Did you know that anywhere from one in 59 to one in 40 children in the U.S. has been diagnosed with autism spectrum disorder (ASD)? Given this incident rate, most people know someone who has a personal connection to autism, whether through a family member or a friend (or himself or herself).

It is estimated that over the next 10 years, 1 million autistic teens will age into adulthood. While the diagnostic rate of ASD continues to climb, early intervention and support services for children have resulted in a growing number of autistic teens and young adults completing a college-level education and beyond. Given that 44% of people diagnosed with ASD have average to above-average intelligence, it’s not surprising that 35% of autistic individuals go to college. What is surprising is that upon graduation, the under- and unemployment rate for these individuals is about 80 to 85%.

Your Autistic Employees

If you are a large employer, you already have autistic employees, whether you know it or not. Some employers recognize the potential of this untapped workforce and have implemented autism hiring programs as part of their diversity and inclusion efforts. Multinational companies SAP, JPMorgan Chase, EY, Microsoft and DXC Technology have hired the largest number of autistic workers in a variety of roles throughout their organizations.

The experience of these employers has been extremely positive, with upward of 90% retention rates among their autistic workforce. That success is the result of well-thought-out approaches to hiring and integrating autistic employees. While the goal of an autism hiring program is to recruit and retain autistic workers, several steps need to occur before recruiting can begin.

The Importance of Culture

A key step toward making your organization autism-friendly is to understand your existing practices and culture and how they might impact current or potential employees on the autism spectrum. It is critical to understand the importance of:

  • How your organization writes job descriptions.
  • How your organization structures the interview process.
  • Where and when interviews take place.
  • The physical environment where autistic employees might work.
  • How you structure the onboarding/orientation process.
  • How you conduct performance reviews.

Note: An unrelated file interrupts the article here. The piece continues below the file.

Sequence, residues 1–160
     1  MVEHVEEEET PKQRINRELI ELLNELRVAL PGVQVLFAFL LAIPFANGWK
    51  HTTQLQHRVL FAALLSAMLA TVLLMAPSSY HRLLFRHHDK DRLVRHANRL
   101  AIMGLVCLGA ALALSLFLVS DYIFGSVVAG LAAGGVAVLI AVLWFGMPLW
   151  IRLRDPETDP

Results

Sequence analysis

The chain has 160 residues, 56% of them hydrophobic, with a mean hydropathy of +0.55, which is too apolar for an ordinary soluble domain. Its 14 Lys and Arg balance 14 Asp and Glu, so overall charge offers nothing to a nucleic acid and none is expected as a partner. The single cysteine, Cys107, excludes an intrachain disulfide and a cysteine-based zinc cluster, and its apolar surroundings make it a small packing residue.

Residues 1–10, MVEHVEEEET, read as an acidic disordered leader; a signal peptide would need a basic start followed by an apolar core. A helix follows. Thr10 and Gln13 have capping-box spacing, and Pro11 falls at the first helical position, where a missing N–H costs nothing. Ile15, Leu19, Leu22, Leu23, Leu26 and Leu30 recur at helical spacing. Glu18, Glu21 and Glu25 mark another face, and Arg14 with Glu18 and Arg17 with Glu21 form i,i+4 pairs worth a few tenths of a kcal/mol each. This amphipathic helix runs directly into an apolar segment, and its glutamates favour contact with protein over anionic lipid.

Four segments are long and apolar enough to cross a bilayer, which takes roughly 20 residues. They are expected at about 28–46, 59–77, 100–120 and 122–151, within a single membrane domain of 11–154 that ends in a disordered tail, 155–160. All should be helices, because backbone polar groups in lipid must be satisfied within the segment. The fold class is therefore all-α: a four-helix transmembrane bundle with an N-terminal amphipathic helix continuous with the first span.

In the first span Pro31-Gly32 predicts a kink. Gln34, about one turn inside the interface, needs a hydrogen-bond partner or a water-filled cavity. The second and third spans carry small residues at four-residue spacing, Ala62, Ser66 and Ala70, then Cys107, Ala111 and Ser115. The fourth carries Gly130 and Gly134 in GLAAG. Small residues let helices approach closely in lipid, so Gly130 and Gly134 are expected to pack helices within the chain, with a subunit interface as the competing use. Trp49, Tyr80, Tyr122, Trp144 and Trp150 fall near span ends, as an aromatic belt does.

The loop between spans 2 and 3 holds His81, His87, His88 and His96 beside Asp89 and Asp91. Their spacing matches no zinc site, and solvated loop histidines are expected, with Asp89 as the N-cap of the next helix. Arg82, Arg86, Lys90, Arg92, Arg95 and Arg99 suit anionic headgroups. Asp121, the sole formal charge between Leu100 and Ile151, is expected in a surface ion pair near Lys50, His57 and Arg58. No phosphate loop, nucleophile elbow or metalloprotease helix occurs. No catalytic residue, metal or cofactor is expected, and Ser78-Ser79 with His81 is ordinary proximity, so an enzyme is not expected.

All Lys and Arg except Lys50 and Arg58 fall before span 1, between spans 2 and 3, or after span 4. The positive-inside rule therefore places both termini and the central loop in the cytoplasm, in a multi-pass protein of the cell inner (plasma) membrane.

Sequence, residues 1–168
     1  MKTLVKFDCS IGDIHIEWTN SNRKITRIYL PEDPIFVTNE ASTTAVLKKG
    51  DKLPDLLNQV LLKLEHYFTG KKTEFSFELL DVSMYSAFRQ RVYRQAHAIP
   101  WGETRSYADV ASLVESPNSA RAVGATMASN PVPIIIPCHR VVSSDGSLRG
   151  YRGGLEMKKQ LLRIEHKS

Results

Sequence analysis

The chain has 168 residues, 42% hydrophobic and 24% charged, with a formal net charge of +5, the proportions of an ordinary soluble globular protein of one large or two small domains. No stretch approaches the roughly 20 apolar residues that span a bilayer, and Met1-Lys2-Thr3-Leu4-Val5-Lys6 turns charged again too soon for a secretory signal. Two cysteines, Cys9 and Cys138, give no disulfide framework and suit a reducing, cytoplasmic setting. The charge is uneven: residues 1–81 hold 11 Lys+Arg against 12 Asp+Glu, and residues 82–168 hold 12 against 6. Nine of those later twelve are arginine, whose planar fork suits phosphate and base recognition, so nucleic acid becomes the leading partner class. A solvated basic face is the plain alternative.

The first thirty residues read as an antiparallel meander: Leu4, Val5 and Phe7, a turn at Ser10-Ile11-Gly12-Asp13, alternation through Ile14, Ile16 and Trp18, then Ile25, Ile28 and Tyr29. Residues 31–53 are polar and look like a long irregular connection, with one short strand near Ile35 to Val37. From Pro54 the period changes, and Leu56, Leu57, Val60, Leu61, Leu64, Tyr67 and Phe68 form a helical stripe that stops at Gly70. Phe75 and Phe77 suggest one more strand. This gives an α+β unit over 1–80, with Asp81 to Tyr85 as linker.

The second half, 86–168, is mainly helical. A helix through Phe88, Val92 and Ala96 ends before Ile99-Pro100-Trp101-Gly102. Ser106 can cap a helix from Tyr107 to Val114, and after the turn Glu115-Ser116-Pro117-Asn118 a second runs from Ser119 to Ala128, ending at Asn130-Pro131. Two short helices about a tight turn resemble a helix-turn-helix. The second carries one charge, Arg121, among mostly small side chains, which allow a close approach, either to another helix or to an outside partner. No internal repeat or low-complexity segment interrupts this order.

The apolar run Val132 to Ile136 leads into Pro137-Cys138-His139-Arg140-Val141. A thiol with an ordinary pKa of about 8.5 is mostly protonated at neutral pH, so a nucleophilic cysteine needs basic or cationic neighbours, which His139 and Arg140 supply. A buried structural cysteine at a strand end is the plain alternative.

• The demands of the typical work day.
  • Any social demands of your organization.

Assessing all these elements is critical in developing an autism-friendly hiring plan that will incorporate both recruiting and learning and development (L&D).

Training and Education

Once you’ve developed a plan, the next key step is education and training. Employers often want to focus on training for the autistic employee. However, with 35% of them having a college-level education, many are work-ready, and their training needs are the same as those of their non-autistic peers.

Instead, the education and training that is critical at this point is for the employer. Whether an organization is embarking on an autism hiring initiative or is just looking to be more autism-friendly, broad-based autism awareness training is an important step. This training should cover:

  • Work-related issues autistic employees may face when dealing with unfamiliar social situations.
  • Challenges related to executive functioning (which is common for many employees with neurodiverse profiles and other conditions).
  • Sensory sensitivities.

For employees who will be involved in the recruiting process and management of autistic employees, additional training in interviewing techniques and more in-depth management skills is recommended.

Employers who want to remain competitive recognize that attracting and retaining autistic employees is essential. In order to do so, they need to develop thoughtful recruiting and management practices. A critical step is providing education and training to non-autistic staff that allows them to be better communicators and effective managers. Lastly, but most importantly, employers need to ensure that the autistic voice is represented by including autistic individuals in all stages of planning and in the development of autism hiring programs.